Typically, I do a tax update near the end of the year to discuss any significant changes that will be applicable for the following year. For 2015, the big news is that there is no news. Whereas 2014 had the new Premium Tax Credit and 2013 had several new provisions (e.g., the new 39.6% tax bracket, the 20% tax rate on qualified dividends and long-term capital gains for people in that new tax bracket, and the new 3.8% tax on net investment income), 2015 doesn’t have much that’s entirely new. For the most part, it’s just inflation adjustments.
The tax brackets for 2015 are as follows:
Single 2015 Tax Brackets
Married Filing Jointly 2015 Tax Brackets
Head of Household 2015 Tax Brackets
Married Filing Separately 2015 Tax Brackets
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Standard Deduction Amounts
Due to inflation adjustments, the 2015 standard deduction amounts will be as follows:
- Single or married filing separately: $6,300
- Married filing jointly: $12,600
- Head of household: $9,250
The additional standard deduction for people who have reached age 65 (or who are blind) is $1,250 for married taxpayers or $1,550 for unmarried taxpayers.
Personal Exemption Amount and Phaseout
The personal exemption amount for 2015 is a nice round $4,000.
However, the total personal exemptions to which you’re entitled will be phased out (i.e., reduced and eventually eliminated) as your adjusted gross income (i.e., the last line of the first page of your Form 1040) moves through a certain range.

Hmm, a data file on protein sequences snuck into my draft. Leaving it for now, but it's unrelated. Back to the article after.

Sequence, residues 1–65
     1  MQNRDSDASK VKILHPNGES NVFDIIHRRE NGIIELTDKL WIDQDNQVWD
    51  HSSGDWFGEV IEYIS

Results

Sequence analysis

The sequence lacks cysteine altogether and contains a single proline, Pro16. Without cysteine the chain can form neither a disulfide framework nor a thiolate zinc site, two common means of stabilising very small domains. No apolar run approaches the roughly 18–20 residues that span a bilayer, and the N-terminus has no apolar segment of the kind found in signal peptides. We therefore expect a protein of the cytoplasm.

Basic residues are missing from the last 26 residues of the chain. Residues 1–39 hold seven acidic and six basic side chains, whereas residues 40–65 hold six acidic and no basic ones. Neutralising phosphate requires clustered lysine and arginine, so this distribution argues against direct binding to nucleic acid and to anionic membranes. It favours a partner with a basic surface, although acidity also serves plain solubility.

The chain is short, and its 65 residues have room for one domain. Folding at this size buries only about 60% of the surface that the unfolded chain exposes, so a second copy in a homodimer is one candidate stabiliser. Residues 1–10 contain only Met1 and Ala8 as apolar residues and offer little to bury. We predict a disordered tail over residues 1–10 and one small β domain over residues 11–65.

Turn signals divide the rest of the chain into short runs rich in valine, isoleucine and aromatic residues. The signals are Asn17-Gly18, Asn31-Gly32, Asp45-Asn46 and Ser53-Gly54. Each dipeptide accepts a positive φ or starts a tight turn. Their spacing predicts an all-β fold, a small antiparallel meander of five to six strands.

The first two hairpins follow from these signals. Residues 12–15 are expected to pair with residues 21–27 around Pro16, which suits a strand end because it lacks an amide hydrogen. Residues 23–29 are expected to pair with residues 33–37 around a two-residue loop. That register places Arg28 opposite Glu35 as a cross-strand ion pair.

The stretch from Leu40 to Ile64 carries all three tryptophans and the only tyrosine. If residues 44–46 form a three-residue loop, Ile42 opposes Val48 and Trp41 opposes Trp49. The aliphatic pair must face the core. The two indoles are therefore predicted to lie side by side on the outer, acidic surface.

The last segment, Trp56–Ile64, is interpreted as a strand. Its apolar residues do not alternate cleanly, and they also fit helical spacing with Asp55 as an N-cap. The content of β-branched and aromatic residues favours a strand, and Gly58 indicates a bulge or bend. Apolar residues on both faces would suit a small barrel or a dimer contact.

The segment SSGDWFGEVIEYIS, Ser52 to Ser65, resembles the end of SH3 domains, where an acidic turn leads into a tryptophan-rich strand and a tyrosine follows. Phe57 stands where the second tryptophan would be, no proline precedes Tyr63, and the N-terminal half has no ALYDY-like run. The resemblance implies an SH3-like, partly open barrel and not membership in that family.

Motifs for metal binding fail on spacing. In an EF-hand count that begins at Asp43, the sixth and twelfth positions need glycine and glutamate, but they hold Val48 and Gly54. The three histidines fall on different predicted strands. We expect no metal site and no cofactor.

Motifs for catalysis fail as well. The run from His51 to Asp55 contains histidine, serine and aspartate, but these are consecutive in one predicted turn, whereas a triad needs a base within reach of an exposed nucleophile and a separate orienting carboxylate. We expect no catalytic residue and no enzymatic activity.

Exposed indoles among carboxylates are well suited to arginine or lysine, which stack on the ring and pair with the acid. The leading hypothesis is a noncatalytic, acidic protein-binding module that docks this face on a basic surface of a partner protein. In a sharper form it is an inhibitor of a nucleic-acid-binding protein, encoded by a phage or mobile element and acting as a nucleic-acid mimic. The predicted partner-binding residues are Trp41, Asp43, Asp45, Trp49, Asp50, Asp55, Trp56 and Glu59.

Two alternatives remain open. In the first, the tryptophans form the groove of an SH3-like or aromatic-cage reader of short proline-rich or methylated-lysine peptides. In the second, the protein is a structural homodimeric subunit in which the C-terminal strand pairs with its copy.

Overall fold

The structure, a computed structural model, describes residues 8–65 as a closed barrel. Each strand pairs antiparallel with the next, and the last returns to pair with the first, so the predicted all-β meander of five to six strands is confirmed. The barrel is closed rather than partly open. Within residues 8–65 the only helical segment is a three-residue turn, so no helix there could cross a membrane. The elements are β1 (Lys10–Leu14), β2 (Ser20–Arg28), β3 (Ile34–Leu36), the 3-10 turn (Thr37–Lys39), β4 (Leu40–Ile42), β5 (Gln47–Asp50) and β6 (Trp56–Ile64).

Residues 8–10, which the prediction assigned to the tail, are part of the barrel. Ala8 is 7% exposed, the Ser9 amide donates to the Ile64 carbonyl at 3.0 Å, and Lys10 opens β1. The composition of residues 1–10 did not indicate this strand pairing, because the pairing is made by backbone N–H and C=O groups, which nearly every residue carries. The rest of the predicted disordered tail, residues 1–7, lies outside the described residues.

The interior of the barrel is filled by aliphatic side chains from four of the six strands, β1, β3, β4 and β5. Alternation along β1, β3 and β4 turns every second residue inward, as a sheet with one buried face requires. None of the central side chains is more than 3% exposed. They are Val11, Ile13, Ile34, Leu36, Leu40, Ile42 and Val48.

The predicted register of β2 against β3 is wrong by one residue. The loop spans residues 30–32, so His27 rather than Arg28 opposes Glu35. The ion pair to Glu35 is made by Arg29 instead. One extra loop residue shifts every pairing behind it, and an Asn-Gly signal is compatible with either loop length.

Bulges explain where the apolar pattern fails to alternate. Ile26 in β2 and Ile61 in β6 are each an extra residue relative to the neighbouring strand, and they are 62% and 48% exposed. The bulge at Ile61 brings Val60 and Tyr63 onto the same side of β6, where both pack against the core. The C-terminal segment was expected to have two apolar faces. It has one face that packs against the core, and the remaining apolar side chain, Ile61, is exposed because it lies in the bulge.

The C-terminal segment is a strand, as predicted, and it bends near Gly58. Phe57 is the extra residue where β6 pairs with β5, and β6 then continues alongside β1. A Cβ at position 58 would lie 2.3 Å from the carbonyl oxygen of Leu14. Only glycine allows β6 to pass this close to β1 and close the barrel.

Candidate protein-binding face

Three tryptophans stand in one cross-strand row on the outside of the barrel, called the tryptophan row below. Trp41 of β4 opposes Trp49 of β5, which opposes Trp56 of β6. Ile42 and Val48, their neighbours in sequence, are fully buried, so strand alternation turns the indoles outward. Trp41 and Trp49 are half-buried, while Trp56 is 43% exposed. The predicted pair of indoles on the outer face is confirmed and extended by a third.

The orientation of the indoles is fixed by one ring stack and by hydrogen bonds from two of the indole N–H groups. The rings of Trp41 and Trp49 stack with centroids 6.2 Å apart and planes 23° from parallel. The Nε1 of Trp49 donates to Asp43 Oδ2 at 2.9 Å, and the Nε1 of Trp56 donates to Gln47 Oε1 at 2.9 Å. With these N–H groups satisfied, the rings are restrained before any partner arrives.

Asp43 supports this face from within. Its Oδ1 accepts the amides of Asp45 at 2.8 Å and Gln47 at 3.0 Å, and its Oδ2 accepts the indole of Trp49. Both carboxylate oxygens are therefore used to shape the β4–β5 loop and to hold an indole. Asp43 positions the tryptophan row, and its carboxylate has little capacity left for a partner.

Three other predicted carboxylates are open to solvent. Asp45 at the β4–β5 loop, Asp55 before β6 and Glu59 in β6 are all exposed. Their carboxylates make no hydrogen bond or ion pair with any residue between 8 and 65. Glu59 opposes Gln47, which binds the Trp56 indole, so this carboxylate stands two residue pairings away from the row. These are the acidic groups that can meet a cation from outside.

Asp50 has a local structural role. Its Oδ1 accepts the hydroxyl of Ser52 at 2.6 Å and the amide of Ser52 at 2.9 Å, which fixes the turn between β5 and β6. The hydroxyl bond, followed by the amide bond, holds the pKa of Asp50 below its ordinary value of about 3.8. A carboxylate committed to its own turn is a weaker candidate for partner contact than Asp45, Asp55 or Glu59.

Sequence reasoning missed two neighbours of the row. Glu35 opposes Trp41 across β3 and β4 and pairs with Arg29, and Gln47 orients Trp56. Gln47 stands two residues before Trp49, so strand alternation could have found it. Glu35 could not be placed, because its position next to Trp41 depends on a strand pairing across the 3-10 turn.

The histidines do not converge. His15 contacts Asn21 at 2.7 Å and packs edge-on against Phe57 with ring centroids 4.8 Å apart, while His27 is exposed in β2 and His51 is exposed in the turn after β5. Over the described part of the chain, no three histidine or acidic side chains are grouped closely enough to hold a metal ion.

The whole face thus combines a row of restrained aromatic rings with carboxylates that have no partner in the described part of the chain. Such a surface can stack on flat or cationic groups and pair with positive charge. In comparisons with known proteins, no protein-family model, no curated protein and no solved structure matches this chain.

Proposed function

- For single taxpayers, personal exemptions begin to be phased out at $258,250 and are fully phased out by $380,750.
- For married taxpayers filing jointly, personal exemptions begin to be phased out at $309,900 and are fully phased out by $432,400.
- For taxpayers filing as head of household, personal exemptions begin to be phased out at $284,050 and are fully phased out by $406,550.
- For married taxpayers filing separately, personal exemptions begin to be phased out at $154,950 and are fully phased out by $216,200.
Limitation on Itemized Deductions
As in 2013 and 2014, the amount of itemized deductions which you are allowed to claim is reduced by 3% of the amount by which your adjusted gross income exceeds certain threshold amounts. These threshold amounts are the same as the lower threshold amounts listed above for the personal exemption phaseout (e.g., $258,250 for single taxpayers). However:
- Your itemized deductions cannot be reduced by more than 80% as a result of this limitation, and
- Your itemized deductions for medical expenses, investment interest expense, casualty/theft losses, and gambling losses are not reduced as a result of this limitation.
IRA and 401(k) Contribution Limits
For 2015, the contribution limit to Roth and traditional IRAs is unchanged at $5,500, with an additional catch-up contribution of $1,000 for people age 50 or older.
The contribution limit for 401(k), 403(b), and most 457 plans, however, is increased to $18,000, with an additional catch-up contribution of $6,000 for people age 50 or older.
The maximum possible contribution for defined contribution plans (e.g., for a self-employed person with a sufficiently high income contributing to a SEP IRA) is increased from $52,000 to $53,000.
AMT Exemption Amount
After adjusting for inflation, the following are the AMT exemptions for 2015:
- $53,600 for single taxpayers,
- $83,400 for married taxpayers filing jointly, and
- $41,700 for married taxpayers filing separately.
“Shared Responsibility Payment” (Penalty for No Health Insurance)
Perhaps the biggest change for individual income tax is that the calculation of the penalty for having no health insurance is changing (according to schedule) for 2015. In short, the penalty is bigger than it would have been in 2014. (And it will be bigger still in 2016 and beyond.) Healthcare.gov has the details of the calculation here.